A funny thing happened in the past couple of weeks. My favorite fictional universe and the stories told within became a political statement. Some of the language and imagery found in Star Wars has been adopted in political protests. The women’s marches contained a lot of signs that proudly portrayed images of Princess Leia. Scientists have been going rogue on twitter. They fly their geek cred high, as many rogue twitter accounts have incorporated the symbol of the rebel alliance and resistance into their twitter logo. Finally there are calls to resist or join the resistance, which every time I see it triggers the “March of the Resistance” from the Force Awakens soundtrack to play in my head. I am not the only one to sense these connections, because again Star wars is visible all over the protester imagery.
This really should not be that surprising. After all the good guys in Star Wars are rebels. They are protesters and political dissidents. The rebel alliance and resistance are the little guys taking a stand for what is right in the face of powerful evil. It is a powerful pop-cultural symbol and it is one that co-opts well. Of all the areas of geekery, Star Wars is the one that I am to drawn to the most, and it is one one that I have written about the most. I resonate with the theme of rebellion and resistance. Jesus rebelled against the religious leaders of his day. Paul wrote about the Christian’s struggle against the rulers, against the authorities, against the powers of this dark world. Christianity started as a counter-cultural movement that stood in defiance against the empire, and historically the faith is at it’s strongest when it is a counter-cultural force of good.
I think the idea of being a resistance is a Christian one. It is up to the individual freedom of the believer if they think current social and political developments deserve protesting, but there are certain ways of thinking and cultural patterns that I believe all disciples should resist. Christians should resist certain ideas prevalent today. Ideas like bigger is better, winning is everything, and might makes right. We are presented with the perverse idea that success is measured only by money. Not only success, but there is a cultural push to measure how much intrinsic value a person has a human being by how much stuff they have. There is a repugnant cultural undercurrent that attempts to define wealthy as inherently good and poor as morally deficient. The general attitude today is that winning is the only thing worth pursuing. Winning is defined by having more: more money, more likes, more followers, bigger crowds, bigger buildings, the list goes on and on.
Just winning is not enough anymore, you have to win bigly. A cultural win is one that leaves your opponent humiliated, roasted, shut down, or furious. It is not enough to win, The opposition has to be stripped of their humanity and their sacred worth. We see this played out in a variety of ways, One such way is how the powerful apologize. When is the last time you have seen a person in a position of power truly apologize for their wrong doing? The non-apology apology is all we hear because to truly apologize would be to admit wrong doing, imperfection, and a need for forgiveness and grace. That kind of humble admission is seen as a weakness, and you cannot be winning if you are weak.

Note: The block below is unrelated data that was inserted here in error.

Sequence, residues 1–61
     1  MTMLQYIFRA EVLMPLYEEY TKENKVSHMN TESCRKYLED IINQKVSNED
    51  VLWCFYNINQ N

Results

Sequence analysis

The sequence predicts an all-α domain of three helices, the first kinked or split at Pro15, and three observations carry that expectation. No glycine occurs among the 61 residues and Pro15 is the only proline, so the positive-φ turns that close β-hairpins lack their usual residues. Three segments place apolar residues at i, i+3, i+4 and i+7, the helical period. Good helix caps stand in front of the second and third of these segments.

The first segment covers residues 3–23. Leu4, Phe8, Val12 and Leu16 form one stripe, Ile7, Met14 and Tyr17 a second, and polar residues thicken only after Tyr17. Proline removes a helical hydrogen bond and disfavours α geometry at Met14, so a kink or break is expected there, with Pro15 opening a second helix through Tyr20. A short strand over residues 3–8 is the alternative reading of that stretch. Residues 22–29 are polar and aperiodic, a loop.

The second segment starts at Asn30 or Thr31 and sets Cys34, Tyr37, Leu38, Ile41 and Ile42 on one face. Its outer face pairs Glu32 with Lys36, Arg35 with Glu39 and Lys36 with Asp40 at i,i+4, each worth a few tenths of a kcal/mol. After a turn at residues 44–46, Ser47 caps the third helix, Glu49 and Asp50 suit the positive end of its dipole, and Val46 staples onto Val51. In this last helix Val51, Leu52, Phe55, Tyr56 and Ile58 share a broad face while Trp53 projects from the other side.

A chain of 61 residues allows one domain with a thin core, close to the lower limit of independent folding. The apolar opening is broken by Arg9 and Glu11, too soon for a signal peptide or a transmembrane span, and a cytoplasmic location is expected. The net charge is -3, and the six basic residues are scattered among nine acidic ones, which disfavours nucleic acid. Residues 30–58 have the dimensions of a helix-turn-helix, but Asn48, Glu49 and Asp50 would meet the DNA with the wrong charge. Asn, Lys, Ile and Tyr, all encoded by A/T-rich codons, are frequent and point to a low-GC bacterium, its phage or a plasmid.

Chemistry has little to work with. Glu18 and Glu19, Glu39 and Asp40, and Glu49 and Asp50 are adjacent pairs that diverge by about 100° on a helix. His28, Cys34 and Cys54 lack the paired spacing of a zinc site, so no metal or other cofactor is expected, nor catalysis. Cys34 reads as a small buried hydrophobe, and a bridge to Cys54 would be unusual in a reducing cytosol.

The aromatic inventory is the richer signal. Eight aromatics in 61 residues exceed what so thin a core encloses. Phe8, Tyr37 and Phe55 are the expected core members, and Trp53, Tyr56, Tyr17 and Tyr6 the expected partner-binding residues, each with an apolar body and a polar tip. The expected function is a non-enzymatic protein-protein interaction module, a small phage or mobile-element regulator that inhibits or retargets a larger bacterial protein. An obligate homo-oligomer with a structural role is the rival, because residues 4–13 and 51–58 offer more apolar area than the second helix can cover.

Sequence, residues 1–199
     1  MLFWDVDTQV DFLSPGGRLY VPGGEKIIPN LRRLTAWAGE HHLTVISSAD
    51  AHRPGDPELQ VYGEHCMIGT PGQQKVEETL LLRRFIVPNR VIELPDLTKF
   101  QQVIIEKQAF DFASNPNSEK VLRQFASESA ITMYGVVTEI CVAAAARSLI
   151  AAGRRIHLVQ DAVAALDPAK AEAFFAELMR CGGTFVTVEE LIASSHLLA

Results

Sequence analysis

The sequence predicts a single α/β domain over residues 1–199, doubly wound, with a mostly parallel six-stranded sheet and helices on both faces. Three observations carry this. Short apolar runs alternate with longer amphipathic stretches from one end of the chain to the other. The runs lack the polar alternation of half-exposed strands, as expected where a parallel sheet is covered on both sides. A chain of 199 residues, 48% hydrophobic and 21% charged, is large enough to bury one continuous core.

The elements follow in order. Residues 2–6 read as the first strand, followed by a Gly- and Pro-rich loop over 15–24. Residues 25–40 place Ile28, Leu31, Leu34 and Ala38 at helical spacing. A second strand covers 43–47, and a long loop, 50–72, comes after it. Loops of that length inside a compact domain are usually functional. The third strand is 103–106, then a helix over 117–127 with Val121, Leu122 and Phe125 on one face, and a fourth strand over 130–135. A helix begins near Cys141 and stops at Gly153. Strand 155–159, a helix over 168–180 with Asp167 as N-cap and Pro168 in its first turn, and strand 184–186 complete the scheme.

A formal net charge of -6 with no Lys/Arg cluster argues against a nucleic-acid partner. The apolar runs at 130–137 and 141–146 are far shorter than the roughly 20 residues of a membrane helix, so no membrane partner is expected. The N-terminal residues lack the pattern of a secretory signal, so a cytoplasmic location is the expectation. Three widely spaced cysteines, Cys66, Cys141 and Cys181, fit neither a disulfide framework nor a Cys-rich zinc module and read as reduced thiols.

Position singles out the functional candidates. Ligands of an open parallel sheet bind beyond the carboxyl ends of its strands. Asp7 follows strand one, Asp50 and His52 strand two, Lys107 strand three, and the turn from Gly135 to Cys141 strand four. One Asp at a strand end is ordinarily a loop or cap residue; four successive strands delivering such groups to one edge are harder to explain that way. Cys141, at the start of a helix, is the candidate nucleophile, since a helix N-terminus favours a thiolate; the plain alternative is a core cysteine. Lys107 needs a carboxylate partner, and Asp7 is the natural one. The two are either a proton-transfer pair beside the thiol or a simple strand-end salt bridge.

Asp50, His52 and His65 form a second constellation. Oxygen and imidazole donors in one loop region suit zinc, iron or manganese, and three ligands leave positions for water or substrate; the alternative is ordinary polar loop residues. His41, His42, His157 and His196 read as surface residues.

That is the way of the world, but that is not the ways of Christ. Jesus said the first shall be last and the last shall be first. Jesus said that whoever wants to be great must be least. Jesus said the son of man did not come to be served but to be serve. In seeking to follow Jesus of Nazareth we should rebel against the sinful cultural attitudes and we should resist them. When we live in a culture that proclaims bigger is better and winning is everything, ours should be the prophetic voice that states putting others first is better and sacrificial loving is everything. The message of the church in the world should be a counter-cultural voice crying from the wilderness. Instead of vilifying those we disagree with, we should embrace them with love. Instead of closing our doors to people who are different than us, we should invite them in with radical hospitality. Instead of seeking power and wealth, we should seek first his kingdom and righteousness. Instead of refusing to apologize, we should be able to humbly say I am a great sinner, but thanks be to God that Christ is a great savior. Instead of putting all of our energy in self-promotion and building up a personal brand, we should boast in the Lord that saved a wretch like me.
It is very popular in church circles to bemoan the fall of morality and decency in society today. Instead of complaining and vilifying the least of these, it should be the holy calling of Christians to rebel. It should be our mission to resist the pull and sinful patterns of a fallen world. The way of the world is one built on selfishness, fear, and hate. The way of Christ is to go rogue by living authentic truth and loving radically. The way that individual believers rebel will be different. Some seek to lead by example and radically love others. Others seek to be prophetic voices that call out evil actions and demand accountability from those who pledged to serve the public interest. Then others live a quiet life above reproach so that their very presence is an example of what it means to live like no one else.
In whatever way you feel most led, may you rebel against the dark powers of the world. May you resist evil, oppression, and injustice in whatever forms they present themselves. May you go rogue by loving justice, seeking mercy, and walking humbly with God. In doing so, may you be the kind of disciple that transforms the world.